The first question you should ask when you are buying something is "do I need this." The second question is "can I afford it." If the answer is yes then no - you better be talking about food, basic clothing, or shelter - if you aren't you need to reconsider how you define need. If the answer is yes then yes - great, buy. If the answer is no then yes, it is an affordable luxury and you have to ask yourself the question - do I want this?

Shockingly, after a few years of "do I need this" you find yourself wanting fewer and fewer things, while being able to afford more. And every item you don't buy feels freeing - you aren't trapped by illusory desires, and you aren't wasting your resources.

But, be reasonable. We don't technically need cars, computers, the internet, or cell phones for basic survival. But, they are enabling devices - or, thought of another way - they are investments.

Why do I need a car? Because it saves me at least 40 hours a month in transportation time. Even at $5 an hour - that's $200. Most of my readers are going to be making substantially more than that per hour. I need a car because it is a good investment.

And good investments are one of the most critical needs in modern life.

Tuesday, December 01, 2009

What is an Investment

Most people will answer this by saying "Saving money," or "Stocks, Bonds, and mutual funds." And, these are most certainly investments.

However, they represent only a small subset of the investing universe. No, I'm not going to talk about Hedge Funds, Futures, Options, Real Estate, etc. Those are also part of the same sub category of investment - they are financial investments.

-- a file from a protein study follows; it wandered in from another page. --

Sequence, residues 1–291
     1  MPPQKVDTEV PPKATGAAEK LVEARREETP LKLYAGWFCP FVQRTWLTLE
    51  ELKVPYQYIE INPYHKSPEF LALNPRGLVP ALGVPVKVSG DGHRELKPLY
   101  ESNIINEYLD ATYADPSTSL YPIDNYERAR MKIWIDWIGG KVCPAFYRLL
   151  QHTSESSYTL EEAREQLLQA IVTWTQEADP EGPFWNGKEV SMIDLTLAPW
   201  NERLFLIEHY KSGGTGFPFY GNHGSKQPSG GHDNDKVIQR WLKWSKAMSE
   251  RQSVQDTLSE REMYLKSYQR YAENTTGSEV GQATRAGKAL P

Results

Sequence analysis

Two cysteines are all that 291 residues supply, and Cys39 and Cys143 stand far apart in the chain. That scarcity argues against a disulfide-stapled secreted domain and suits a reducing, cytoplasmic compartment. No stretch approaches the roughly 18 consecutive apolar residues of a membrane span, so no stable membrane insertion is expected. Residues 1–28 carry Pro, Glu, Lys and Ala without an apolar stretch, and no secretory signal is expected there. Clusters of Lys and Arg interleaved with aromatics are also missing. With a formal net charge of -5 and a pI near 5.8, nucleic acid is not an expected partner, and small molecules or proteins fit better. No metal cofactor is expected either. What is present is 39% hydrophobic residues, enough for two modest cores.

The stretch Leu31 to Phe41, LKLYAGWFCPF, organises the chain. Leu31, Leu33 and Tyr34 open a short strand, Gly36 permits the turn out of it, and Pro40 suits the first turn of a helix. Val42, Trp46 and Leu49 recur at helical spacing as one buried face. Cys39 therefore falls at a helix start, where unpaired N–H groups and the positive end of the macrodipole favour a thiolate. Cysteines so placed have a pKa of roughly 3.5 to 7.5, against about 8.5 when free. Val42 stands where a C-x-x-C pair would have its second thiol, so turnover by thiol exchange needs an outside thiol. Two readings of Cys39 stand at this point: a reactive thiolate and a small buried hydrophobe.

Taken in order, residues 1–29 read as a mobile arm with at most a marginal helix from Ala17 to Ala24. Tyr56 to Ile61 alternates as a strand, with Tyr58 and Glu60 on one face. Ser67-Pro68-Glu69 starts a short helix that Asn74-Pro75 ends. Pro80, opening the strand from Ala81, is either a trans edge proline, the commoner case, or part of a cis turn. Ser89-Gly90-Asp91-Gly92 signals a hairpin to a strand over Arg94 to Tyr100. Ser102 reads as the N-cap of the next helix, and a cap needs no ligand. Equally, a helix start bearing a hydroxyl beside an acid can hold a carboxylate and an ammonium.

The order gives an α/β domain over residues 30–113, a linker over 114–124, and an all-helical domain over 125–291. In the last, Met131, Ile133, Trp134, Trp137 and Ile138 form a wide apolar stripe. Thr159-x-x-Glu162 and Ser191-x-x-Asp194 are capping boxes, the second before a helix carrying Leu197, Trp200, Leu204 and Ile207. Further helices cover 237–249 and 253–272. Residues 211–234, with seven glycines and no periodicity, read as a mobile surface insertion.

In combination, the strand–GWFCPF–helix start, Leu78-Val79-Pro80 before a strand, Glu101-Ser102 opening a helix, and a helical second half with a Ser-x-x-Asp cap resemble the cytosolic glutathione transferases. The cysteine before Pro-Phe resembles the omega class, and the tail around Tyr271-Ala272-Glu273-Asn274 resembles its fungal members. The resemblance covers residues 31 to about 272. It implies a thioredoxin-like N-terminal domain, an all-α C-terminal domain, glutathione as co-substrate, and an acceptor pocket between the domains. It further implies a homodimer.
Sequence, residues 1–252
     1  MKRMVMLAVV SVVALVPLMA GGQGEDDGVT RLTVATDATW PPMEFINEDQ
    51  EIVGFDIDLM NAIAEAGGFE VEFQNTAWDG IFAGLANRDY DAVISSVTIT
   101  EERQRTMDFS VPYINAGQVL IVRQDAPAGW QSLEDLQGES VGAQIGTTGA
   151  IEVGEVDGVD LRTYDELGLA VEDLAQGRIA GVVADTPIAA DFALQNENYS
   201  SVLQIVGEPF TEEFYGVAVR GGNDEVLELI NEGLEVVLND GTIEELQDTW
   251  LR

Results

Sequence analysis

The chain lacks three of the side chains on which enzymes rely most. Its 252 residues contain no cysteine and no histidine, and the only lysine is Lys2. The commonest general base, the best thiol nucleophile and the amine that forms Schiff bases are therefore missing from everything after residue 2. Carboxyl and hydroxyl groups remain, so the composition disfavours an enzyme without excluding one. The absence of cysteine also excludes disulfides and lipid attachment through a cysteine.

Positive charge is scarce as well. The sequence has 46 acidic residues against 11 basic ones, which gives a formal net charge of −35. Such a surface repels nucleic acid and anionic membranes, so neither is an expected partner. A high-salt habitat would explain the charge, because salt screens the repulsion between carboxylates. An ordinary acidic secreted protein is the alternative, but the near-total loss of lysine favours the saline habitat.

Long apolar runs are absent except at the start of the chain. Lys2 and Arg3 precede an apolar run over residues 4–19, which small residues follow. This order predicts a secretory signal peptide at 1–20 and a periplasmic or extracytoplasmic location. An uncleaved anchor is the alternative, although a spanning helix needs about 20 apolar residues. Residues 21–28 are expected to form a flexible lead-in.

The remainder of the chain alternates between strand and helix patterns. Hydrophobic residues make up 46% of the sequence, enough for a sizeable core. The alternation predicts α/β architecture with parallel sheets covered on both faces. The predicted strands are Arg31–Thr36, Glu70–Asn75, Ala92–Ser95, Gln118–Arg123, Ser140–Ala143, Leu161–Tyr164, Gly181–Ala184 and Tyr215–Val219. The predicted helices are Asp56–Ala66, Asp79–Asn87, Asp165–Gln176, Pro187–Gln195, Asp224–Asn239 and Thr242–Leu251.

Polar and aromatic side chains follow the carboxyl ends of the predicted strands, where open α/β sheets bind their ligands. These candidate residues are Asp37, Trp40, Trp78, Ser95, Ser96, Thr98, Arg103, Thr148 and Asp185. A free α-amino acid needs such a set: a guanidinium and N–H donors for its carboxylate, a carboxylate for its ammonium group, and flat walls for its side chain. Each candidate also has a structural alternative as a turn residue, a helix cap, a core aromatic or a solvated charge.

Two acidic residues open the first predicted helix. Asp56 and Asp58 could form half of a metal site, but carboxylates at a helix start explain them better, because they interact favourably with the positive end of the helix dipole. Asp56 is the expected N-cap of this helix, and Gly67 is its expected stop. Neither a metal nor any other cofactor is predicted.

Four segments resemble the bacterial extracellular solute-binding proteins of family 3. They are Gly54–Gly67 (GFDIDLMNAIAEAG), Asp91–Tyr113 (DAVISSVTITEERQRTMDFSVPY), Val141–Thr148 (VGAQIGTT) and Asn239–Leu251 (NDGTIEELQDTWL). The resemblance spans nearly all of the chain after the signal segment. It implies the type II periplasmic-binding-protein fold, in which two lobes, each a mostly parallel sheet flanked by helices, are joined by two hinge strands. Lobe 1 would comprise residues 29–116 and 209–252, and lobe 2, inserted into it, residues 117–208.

What then is the essence of an investment? It is putting to action today something of value with the reasonable expectation that by doing so you will receive more value in the future.

It doesn't have to be money that you put to action, and it doesn't have to be money that you receive.

You can invest time in order to get more time back. Assume you spend two hours each week watering your lawn and garden. You think about this and realize that by setting up the sprinklers you already have in your garage you can cut that time in half. Say it takes you 3 hours to find and set up the sprinklers. You've invested 3 hours today, to save 1 hour per week in the future.

You can invest time and money to get more money back.

You can invest money to get time.

You can invest money to get security (i.e. insurance).

What is important is that you are getting more value out than you are putting in. If you are, you are making an investment.

Look around, what simple investments could you make? You might be surprised how many hours you can get back for each hour you invest in streamlining your life.

Sunday, November 22, 2009

Business Plan Archive

I just found out about a site that is trying to create a collection of old business plans. It is called (shockingly)

I have only just gotten a chance to read over a few of them, but this site is outstanding. For me the hardest part of writing business plans is just deciding what format to use. In the past, I have found reading over 10 or 20 samples to give me a much better grounding to start from. Now, as soon as I find my Million Dollar Idea, I've got a resource of failed companies to guide me. (irony?)